People have been attempting to penetrate the ice-bound Northeast Passage since 1553, when British explorer Sir Hugh Willoughby attempted the passage with three ships and 62 men. The frozen bodies of Sir Hugh and his men were found a year later, after they failed to make it past the northern coast of Finland. British explorer Henry Hudson, who died in 1611 trying to find a route through Canada's fabled Northwest Passage, (and whom Canada's Hudson Bay and New York's Hudson River are named after), attempted to sail the Northeast Passage in 1607 and 1608, and failed. The Northeast Passage has remained closed to navigation, except via assist by icebreakers, from 1553 to 2005. The results published in Science today suggest that prior to 2005, the last previous opening was the period 5,000 - 7,000 years ago, when the Earth's orbital variations brought more sunlight to the Arctic in summer than at present. It is possible we'll know better soon. A new technique that examines organic compounds left behind in Arctic sediments by diatoms that live in sea ice give hope that a detailed record of sea ice extent extending back to the end of the Ice Age 12,000 years ago may be possible (Belt et al., 2007). The researchers are studying sediments along the Northwest Passage in hopes of being able to determine when the Passage was last open.

References
Belt, S.T., G. Masse, S.J. Rowland, M. Poulin, C. Michel, and B. LeBlanc, "A novel chemical fossil of palaeo sea ice: IP25", Organic Geochemistry, Volume 38, Issue 1, January 2007, Pages 16-27.

Darrell S. Kaufman, David P. Schneider, Nicholas P. McKay, Caspar M. Ammann, Raymond S. Bradley, Keith R. Briffa, Gifford H. Miller, Bette L. Otto-Bliesner, Jonathan T. Overpeck, Bo M. Vinther, and Arctic Lakes 2k Project Members, 2009, "Recent Warming Reverses Long-Term Arctic Cooling", Science 4 September 2009: 1236-1239.

Howell, S. E. L., C. R. Duguay, and T. Markus. 2009. Sea ice conditions and melt season duration variability within the Canadian Arctic Archipelago: 1979.2008, Geophys. Res. Lett., 36, L10502, doi:10.1029/2009GL037681.

Tropical Weather Outlook
The remains of Tropical Storm Erika are bringing heavy rain to Puerto Rico and the Virgin Islands today, and this activity will spread to the Dominican Republic on Saturday. Radar-estimated rainfall shows up to three inches of rain has fallen in eastern Puerto Rico from the storm. Long range radar out of Puerto Rico shows no surface circulation or organization of the echoes, and redevelopment of Erika over the next three days is unlikely to occur due to high wind shear of 25 - 30 knots. By Monday or Tuesday, shear may drop enough to allow redevelopment, depending upon the location of Erika's remains. Redevelopment is more likely if Erika works its way northwestward into the Bahamas.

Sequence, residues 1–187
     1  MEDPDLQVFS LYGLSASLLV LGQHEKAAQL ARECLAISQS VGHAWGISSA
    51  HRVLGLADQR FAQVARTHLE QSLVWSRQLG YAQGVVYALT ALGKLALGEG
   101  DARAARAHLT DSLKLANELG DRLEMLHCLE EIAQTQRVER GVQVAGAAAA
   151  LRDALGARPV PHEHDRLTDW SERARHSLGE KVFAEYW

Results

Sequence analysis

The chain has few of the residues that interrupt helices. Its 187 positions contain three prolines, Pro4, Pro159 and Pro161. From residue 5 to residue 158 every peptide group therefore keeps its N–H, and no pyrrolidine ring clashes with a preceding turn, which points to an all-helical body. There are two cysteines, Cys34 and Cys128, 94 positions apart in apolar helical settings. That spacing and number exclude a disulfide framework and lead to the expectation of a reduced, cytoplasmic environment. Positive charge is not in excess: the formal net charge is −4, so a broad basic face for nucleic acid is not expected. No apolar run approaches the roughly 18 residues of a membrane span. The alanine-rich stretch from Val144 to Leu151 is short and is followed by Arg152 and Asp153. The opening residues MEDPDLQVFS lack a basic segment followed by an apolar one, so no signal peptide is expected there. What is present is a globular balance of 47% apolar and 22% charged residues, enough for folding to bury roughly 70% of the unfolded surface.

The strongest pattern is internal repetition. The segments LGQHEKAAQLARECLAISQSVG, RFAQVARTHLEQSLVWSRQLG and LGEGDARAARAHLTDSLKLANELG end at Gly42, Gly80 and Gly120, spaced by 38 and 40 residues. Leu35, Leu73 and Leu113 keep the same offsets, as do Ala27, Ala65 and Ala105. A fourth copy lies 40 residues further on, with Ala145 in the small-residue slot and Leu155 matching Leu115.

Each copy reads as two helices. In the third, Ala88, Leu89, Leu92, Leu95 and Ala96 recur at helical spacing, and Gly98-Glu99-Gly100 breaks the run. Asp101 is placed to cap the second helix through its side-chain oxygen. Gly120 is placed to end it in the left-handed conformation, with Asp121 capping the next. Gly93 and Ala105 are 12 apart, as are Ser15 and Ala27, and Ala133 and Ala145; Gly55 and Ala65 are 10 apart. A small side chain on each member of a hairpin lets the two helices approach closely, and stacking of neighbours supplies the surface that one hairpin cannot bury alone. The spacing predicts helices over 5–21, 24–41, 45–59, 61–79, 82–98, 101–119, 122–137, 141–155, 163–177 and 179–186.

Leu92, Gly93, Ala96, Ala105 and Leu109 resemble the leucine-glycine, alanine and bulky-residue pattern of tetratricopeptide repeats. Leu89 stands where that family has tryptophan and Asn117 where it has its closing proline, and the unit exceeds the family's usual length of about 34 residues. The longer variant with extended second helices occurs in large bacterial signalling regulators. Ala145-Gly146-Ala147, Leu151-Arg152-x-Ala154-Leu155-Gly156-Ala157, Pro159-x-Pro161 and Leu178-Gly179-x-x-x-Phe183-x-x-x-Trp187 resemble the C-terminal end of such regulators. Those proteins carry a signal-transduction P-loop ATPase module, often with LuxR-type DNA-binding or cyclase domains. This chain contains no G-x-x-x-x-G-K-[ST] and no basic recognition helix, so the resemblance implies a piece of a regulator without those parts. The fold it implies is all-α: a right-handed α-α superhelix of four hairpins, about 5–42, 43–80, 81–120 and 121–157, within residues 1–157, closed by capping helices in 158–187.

A large tropical wave with plenty of spin is located a few hundred miles southwest of the Cape Verdes Islands, off the coast of Africa. Heavy thunderstorm activity has increased slightly in this wave over the past day, and it has the potential to gradually develop into a tropical depression by early next week. NHC is giving this wave a low (less than 30% chance) of developing into a tropical depression by Sunday. The GFS model continues to predict development of this wave into a tropical depression early next week.

I'll have an update Saturday or Sunday, depending upon developments in the tropics.

Jeff Masters

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Quoting LUCARIO:


trolls are like erika
keep going and going
YEs sometimes they do. I remember a Depression that dump 20 inches of rain in Sarasota in 1992. Than came Andrew.
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Does anyone know of any images or graphics with what water looks like below the surface of a TC? TIA
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I find it rather comical and not surprising that well over half of the posts on this blog nowadays are minused out so I cant see them


What does that tell you about this blog? hmmmmmmmm?
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Quoting AllStar17:


I know.....SykKid and others do not and it gets me angry.....sorry about that. Too early to say where 95L will ultimately end up.


True but, here is a Steerling Layer that easily shows the area of least resistance to its North......But, this is not the Steering layer for 95L! But, it sure shows the weakness well!


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Quoting TriniGirl26:
tell me something...is the word convection or convention?


convetion where companies rent halls for meetings

convection blow up of thunderstoms..
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tell me something...is the word convection or convention?
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yea! lol, just saw that too! what's your take on this system?
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Mommmm!! The fishcasters are back!

What is a fish storm?
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Quoting btwntx08:
739. SykKid 6:46 PM GMT on September 04, 2009
Quoting btwntx08:
guys ingore sykkid he just thinks all storms will poof/rip i don't think so ingore and move on


I was right about Erika...I'll be right about this wave as well.
Action: Quote | Ignore User

no u said erika wouldn't form ha ur wrong and u called bill patheic too which it wasn't and last u will be wrong 95L other than that ur gonna be # 39 on my list


soon you are going to be talking to yourself..if you keep putting everyone on ignore..
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Ok What is Erika doing now? Cluster of storms at the old mid level forming south and east of Puerto Rico.
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Quoting TampaSpin:


Have you seen the trough to the North. I try not just to make assumptions without some facts.


I know.....SykKid and others do not and it gets me angry.....sorry about that. Too early to say where 95L will ultimately end up.
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Quoting Floodman: